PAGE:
1) Practise your songs with a metronome. Make sure that the beat is steady, whether it is slow or fast. Practise until the beat is steady. If the metronome is not loud enough, find a way to amplify the sound. Make sure all the musicians in the band/team are keeping the beat. 

2) Listen to the drummer (if there is one on the team). One of the drummer’s roles is to keep the beat. A drummer can be a big help to a Praise Team. He can alert the Team when they are not keeping the beat. The drummer will know when the beat is not being kept, because there is nothing more frustrating for a drummer than to have to adjust to musicians who are not keeping the beat. He should not be shy in alerting the Team. In the end, the frustration that he feels will also be felt by the congregation. The rule here is: When it comes to the beat, the musicians need to adjust to the drummer, instead of the drummer needing to adjust to the musicians.

3) Here is a suggestion to guitarists: If you are strumming, try having your strong strums land on the beat, not on the offbeat (in other words, on the tick of the metronome, not between ticks). This will also help the congregation to keep the beat.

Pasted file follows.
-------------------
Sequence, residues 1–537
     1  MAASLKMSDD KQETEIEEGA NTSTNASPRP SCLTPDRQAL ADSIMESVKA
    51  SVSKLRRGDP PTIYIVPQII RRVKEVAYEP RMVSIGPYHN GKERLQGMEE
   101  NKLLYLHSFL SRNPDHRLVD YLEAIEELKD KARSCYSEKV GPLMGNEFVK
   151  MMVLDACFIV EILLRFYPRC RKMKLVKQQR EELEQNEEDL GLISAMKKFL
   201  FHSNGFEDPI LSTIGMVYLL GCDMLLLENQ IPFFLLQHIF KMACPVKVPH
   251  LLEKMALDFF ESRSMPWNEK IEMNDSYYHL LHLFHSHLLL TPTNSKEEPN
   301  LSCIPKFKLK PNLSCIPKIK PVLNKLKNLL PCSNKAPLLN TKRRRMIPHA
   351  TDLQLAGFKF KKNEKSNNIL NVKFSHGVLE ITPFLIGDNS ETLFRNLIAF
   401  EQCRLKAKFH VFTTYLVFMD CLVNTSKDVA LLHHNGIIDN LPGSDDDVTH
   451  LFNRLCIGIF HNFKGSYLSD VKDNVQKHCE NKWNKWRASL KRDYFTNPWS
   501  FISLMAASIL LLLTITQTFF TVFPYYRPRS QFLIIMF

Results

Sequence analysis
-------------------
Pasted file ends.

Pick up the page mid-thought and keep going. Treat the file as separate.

Keeping the beat will make singing more enjoyable for the congregation, and the Praise Team will be encouraged when they sense this increase in enthusiasm.




Pointers about Songs and Singing


We have seen that the heart attitude of the participants in congregational singing is the most important matter. If the heart attitude of the participants is not right before God, it really does not matter what else is right with the singing and playing of the Praise Team and the singing of the congregation. If the primary audience of our singing is not pleased, what is the point of our singing?

Having said this, we should not understand this to mean that heart attitude is the only matter of importance in congregational singing.

The act of worship originates in the heart of the worshiper, but it is the music, the songs and the singing, that are the vehicle by means of which the worshiping congregation offers their praise to God. This process of transmission of our worship to God can be impacted positively and negatively in a number of ways.

What are some of these tangible ways that may impact the transmission of our heart worship to God in song?